By CASEY NEILL
DANDENONG South’s disused General Motors railway station should be reinstated to cut commute times for workers in the growing job precinct.
Kaye Eastwood and Public Transport Users Association are also calling for a safe pedestrian pathway across the rail line at Progress Street.
The General Motors station opened in October 1956 to service the General Motors Holden car factory, and closed in July 2002.
“The area has changed and there’s a need for it again,” Ms Eastwood said.
“There’s so much industry and business.”
Her son Adam has a disability and works at Gateway Industries, in Progress Street.
“I have to drive him because it’s such a long haul to get to there,” she said.
“He’s got to catch a bus in the morning here by 6am, then he’s got to catch a train, then he’s got to catch another bus to get to the end of Progress Street on Princes Highway and then he’s got to walk up.”
Ms Eastwood also has concerns about the safety of the Progress Street level crossing.
“We’ve been on and on it to try and get it fixed,” she said.
“There’s no pathway for the pedestrians to go across. They have to go out on the road.
“It’s fallen on deaf ears all the time.”
Public Transport Users Association (PTUA) president Tony Morton supported a station in the Dandenong South industrial precinct, given the long distance between the Dandenong and Hallam stations.
“If there were adequate buses serving the estate from Dandenong this would help, but there’s little to lose and much to gain from having a station here,” he said.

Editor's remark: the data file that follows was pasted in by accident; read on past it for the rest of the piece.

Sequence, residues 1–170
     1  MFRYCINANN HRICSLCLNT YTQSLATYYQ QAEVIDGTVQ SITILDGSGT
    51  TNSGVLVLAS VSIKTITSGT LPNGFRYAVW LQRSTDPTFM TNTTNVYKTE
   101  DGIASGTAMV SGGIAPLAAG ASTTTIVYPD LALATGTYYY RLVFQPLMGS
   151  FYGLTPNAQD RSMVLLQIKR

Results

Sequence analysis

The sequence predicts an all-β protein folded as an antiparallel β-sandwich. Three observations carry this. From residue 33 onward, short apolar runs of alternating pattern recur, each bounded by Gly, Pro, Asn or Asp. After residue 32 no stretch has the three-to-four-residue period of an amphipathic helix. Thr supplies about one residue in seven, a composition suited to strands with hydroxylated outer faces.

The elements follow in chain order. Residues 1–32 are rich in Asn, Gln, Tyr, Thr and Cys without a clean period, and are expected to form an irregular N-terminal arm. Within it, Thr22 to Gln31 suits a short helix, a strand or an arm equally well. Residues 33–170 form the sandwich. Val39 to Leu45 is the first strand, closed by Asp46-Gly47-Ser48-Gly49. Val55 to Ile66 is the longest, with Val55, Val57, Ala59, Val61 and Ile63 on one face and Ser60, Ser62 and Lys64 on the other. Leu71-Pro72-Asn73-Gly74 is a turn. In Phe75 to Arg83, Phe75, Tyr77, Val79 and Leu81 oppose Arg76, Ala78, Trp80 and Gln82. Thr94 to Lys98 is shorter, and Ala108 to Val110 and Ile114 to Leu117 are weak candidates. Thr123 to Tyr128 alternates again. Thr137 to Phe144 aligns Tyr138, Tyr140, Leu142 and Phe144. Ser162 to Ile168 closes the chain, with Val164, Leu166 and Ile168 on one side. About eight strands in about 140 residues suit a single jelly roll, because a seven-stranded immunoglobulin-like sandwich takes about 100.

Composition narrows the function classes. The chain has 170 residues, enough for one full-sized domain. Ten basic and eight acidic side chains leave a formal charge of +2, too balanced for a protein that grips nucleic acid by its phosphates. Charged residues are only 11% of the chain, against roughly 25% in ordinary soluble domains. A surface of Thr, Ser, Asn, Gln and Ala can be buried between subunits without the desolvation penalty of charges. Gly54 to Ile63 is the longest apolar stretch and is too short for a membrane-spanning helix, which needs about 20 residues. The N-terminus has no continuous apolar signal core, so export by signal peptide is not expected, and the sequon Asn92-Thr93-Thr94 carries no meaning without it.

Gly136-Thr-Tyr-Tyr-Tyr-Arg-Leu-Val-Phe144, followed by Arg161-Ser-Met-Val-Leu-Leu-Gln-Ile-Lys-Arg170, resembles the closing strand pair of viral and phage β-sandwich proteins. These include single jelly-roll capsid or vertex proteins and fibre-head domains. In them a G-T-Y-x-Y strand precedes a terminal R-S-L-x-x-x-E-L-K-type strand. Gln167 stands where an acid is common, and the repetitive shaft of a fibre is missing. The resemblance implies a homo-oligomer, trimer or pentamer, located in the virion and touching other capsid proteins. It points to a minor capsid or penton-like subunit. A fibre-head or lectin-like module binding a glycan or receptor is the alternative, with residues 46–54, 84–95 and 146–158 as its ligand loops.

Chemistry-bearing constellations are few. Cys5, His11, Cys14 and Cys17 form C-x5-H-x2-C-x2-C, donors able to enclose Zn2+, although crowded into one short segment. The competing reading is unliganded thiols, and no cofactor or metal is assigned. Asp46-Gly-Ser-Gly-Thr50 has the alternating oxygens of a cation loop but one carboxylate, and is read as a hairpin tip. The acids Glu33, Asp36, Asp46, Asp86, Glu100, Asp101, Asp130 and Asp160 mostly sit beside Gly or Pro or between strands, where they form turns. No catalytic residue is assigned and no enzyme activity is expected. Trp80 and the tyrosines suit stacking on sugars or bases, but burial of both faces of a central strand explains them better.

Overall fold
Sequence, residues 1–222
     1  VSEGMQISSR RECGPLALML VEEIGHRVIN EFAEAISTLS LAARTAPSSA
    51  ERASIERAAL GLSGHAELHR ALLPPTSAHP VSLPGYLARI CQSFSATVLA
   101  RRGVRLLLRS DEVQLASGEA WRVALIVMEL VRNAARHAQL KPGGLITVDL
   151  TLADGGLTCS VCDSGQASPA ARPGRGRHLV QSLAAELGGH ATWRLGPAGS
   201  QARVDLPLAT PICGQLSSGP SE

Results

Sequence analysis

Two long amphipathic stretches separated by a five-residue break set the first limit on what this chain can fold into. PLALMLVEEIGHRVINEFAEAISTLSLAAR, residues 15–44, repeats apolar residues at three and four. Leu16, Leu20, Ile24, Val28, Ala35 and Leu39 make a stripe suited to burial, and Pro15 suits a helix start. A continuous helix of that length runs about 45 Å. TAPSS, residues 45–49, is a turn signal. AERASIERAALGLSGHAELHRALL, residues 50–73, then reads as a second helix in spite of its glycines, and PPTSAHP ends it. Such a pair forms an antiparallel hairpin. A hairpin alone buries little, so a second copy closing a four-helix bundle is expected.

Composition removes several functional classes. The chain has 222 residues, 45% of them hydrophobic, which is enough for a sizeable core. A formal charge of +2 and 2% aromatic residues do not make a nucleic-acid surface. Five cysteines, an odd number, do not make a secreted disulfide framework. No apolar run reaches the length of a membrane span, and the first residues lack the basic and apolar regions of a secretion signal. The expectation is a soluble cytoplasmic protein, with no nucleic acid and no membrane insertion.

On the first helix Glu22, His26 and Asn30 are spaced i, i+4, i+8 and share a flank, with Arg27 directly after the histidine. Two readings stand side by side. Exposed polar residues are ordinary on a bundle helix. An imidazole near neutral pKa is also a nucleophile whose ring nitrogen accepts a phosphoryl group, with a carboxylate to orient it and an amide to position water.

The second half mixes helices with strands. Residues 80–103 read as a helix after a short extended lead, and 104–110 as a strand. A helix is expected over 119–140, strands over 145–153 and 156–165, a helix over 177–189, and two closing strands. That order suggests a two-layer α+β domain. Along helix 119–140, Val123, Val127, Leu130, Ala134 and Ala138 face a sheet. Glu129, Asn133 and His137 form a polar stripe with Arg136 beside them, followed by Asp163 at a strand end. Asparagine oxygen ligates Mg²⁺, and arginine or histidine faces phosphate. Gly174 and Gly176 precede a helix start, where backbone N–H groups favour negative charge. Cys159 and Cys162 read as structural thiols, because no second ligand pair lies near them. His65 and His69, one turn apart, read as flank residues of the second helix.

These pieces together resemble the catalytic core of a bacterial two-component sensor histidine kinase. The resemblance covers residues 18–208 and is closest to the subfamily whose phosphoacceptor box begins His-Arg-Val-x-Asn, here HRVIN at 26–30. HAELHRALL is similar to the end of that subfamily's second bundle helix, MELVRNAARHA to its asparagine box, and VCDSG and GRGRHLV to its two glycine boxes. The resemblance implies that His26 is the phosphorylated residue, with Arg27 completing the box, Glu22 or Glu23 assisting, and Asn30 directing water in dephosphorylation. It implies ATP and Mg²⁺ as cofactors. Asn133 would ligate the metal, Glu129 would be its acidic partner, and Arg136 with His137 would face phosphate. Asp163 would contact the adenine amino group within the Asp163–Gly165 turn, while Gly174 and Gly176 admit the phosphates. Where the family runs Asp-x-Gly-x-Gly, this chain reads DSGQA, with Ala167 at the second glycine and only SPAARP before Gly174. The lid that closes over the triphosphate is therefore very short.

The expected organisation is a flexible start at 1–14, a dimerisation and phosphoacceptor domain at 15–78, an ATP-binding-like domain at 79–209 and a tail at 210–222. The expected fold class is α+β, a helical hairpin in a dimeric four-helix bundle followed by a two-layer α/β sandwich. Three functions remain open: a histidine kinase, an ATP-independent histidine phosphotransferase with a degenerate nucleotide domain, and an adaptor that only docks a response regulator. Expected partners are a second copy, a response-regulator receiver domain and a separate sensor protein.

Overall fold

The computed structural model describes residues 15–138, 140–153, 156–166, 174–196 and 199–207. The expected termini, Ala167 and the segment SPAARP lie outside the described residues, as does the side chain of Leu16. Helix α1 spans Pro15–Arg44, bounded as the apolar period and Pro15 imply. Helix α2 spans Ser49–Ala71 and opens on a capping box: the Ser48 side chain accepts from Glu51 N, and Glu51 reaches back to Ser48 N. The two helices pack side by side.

“Given the state of the station now, it’s an open question whether the existing station should be refurbished or a new station location developed in the same area.”
Mr Morton said it would make sense to grade-separate the Progress Street crossing in conjunction with a new or refurbished station.
“There must be adequate provision for pedestrians including clear sight lines and appropriate lighting,” he said.
“In the interim, the Progress Street crossing needs a proper pedestrian treatment including automatic gates in accordance with current standards.”
A spokesman for Transport Minister Jacinta Allan said there were no plans to reinstate the General Motors station, which the 892 bus route linked to Dandenong Railway Station.
He said the State Government took to the last election a list of 50 level crossings it would remove, based on traffic congestion, safety, alternative routes available and economic benefits.
“The Progress Street level crossing has not been identified for removal in the first 50, but the nearby crossings at South Gippsland Highway and Abbotts Road have been, and will be removed in the next seven years,” the spokesman said.
“The removal of Progress Street level crossing will be considered in the future.”